Auto insurance is a necessary evil. You certainly don't want to buy any more than you need. It stands to reason that drivers who spend more time out on the road face a greater chance of mishap than those who log fewer miles. Yet - all other factors being the same - a driver who clocks fewer than 5000 miles a year will pay essentially the same premium as one who drives 50,000 miles a year. A solution is coming from pay-as-you-drive insurance, which, in its simplest form, calculates premiums based on miles driven.
Researchers Jason Bordoff and Pascal Noel of the independent Brookings Institution have extensively investigated pay-as-you-drive insurance and examined its implications. They have concluded that if all California drivers were to switch to pay-as-you-drive insurance, 64 percent of households would reduce their premiums, averaging a yearly savings of $276 per vehicle. The researchers maintain that, in an effort to cut their premiums, Californians would drive roughly 24 billion fewer miles every year and save 1.2 billion gallons of gas. In turn, there would be fewer accidents, lower emissions, and less congestion.
Already, GMAC Insurance offers discounts to low-mileage drivers, tracking driving distances through OnStar. Instead of per-mile pricing, discounts are based on the mileage bracket a customer falls into, with some drivers receiving discounts of up to 54 percent.
True pay-as-you-drive insurance launched in the United States in October from a startup company named MileMeter. MileMeter doesn't use technology to track mileage, instead relying on consumers to report their odometer readings accurately when prepurchasing blocks of insurance. MileMeter customers who drive farther than their purchased insurance do so without coverage.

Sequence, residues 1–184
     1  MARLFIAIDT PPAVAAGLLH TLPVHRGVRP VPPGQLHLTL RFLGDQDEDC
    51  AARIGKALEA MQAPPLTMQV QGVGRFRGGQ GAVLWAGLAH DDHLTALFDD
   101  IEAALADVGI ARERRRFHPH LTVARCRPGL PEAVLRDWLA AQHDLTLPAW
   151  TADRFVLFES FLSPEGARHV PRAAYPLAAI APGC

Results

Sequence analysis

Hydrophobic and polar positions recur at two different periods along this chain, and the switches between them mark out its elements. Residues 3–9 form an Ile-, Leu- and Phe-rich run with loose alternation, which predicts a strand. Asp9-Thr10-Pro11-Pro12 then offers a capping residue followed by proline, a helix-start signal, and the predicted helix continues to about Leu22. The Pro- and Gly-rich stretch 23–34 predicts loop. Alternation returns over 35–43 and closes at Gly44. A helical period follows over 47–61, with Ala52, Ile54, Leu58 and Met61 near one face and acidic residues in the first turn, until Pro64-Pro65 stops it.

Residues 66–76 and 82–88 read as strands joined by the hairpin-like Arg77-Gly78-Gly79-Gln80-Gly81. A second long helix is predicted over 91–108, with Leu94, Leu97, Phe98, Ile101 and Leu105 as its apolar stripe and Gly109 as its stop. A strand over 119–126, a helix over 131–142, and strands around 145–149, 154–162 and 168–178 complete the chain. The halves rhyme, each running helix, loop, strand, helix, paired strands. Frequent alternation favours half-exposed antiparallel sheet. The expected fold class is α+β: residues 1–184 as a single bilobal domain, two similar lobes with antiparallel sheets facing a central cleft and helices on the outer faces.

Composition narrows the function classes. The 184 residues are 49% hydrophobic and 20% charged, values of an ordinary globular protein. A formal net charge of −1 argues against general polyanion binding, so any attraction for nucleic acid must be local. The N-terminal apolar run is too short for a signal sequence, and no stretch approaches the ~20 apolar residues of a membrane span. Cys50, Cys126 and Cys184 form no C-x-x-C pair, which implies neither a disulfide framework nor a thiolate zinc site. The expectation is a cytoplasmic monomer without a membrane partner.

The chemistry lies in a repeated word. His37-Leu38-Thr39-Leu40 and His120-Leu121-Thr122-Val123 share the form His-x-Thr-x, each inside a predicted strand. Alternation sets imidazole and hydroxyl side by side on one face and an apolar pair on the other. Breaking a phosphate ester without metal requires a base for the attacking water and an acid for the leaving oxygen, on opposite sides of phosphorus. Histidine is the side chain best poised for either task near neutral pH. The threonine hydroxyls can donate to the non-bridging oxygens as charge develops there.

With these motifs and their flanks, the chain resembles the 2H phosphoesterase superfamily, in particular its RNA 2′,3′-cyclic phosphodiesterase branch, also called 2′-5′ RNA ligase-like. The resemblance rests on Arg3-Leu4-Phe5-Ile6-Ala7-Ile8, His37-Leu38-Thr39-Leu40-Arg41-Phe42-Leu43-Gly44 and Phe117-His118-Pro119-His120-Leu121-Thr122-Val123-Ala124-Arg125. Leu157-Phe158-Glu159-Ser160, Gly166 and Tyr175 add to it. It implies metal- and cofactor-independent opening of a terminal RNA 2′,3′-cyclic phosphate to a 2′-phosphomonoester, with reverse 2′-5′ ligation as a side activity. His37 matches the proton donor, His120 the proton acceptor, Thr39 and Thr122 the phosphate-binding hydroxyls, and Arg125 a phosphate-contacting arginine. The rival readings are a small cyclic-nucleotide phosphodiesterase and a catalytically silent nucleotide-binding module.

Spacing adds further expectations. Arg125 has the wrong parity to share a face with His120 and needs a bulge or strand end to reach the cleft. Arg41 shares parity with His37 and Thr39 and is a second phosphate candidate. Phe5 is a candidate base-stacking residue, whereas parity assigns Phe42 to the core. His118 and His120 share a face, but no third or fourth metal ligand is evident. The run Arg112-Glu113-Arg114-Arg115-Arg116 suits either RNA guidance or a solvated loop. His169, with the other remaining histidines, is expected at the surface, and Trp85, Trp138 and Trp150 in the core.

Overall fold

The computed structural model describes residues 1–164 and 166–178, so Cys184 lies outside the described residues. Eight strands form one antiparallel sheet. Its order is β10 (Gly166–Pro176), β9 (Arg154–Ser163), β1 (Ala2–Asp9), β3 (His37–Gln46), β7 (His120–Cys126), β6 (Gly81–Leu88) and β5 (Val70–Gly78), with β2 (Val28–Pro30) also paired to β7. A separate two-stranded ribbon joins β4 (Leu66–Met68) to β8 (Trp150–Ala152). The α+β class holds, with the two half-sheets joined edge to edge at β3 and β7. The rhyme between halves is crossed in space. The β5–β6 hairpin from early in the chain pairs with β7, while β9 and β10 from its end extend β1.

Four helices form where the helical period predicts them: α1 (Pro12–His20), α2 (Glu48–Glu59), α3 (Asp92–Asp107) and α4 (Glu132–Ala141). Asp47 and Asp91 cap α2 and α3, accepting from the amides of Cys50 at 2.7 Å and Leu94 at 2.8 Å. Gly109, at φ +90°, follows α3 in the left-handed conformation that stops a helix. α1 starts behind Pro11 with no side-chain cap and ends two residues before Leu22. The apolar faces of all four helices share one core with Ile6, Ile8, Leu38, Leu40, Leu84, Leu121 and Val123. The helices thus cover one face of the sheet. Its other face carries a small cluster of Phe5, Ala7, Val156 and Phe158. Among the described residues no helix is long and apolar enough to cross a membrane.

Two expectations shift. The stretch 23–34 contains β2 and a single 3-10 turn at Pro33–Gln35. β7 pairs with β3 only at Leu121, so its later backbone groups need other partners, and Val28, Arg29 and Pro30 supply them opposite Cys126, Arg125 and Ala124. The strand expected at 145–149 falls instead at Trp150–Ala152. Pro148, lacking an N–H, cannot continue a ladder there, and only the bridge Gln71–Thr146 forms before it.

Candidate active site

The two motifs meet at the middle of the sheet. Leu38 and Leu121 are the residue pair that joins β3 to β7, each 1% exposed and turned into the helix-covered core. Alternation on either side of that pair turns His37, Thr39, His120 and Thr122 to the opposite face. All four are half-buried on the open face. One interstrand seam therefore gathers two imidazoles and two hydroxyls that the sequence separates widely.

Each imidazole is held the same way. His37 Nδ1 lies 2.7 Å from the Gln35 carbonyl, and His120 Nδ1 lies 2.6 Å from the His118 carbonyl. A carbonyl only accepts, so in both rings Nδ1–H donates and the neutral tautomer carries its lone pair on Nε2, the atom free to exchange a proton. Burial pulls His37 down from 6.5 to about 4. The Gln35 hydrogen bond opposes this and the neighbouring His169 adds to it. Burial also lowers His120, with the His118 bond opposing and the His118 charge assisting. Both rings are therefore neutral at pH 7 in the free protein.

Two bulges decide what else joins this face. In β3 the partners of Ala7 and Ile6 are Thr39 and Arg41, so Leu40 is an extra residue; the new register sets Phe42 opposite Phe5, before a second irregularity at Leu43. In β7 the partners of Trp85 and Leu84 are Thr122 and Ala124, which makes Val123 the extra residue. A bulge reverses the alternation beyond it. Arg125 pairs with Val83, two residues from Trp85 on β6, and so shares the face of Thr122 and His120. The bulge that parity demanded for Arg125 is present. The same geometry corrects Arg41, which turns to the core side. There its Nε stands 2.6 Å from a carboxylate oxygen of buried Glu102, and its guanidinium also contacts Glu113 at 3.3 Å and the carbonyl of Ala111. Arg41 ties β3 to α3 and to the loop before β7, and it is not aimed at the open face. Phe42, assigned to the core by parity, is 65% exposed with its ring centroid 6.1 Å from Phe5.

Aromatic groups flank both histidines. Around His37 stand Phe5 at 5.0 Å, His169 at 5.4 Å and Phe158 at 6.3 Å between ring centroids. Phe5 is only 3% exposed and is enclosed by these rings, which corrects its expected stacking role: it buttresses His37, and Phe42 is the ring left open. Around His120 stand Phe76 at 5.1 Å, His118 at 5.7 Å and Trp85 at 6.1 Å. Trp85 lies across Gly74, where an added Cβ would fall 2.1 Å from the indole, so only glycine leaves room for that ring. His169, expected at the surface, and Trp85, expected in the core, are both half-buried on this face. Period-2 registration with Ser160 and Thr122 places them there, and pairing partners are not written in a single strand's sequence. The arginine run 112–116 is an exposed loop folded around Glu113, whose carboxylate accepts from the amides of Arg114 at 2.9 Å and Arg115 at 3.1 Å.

But the pay-as-you-drive paradigm has critics and obstacles to overcome. High-mileage drivers, of course, would see rates go up. (Based on the Brookings calculations, 36 percent of households would pay an average of $393 more per vehicle.) The technology to monitor driven miles is expensive. And privacy advocates worry that programs that track your mileage could also record when you exceed the speed limit or use GPS to pinpoint your exact location.
That fear is not without merit. Progressive Insurance, for example, currently offers customers an optional coverage program, called MyRate, in eight states. It uses a small device plugged into a car's onboard diagnostic port to wirelessly transmit information provided by the car. Premiums are based not only on miles driven, but also on the time of day owners drive plus the number of sudden stops and starts drivers make. Until recently, time spent above 75 mph also was tracked.
"What we've uncovered is that driving behavior is even more powerful than mileage," says Richard Hutchinson, general manager of usage-based insurance at Progressive.
Progressive says the average MyRate customer earns a ten to fifteen percent discount over their conventional insurance premium. The company hopes to expand the program nationwide in 2009.
"We're on the cusp of a wholesale change in an industry that, for decades, has done things one way because that's the way we've always done it," says MileMeter CEO and founder Chris Gay. "We think we have a good shot at changing the industry over a long period of time."
The crucial question is: can this change be implemented without invasive electronic snooping? Paying by the mile is one thing, but having a digital tattletale riding along for every one of those miles is quite another.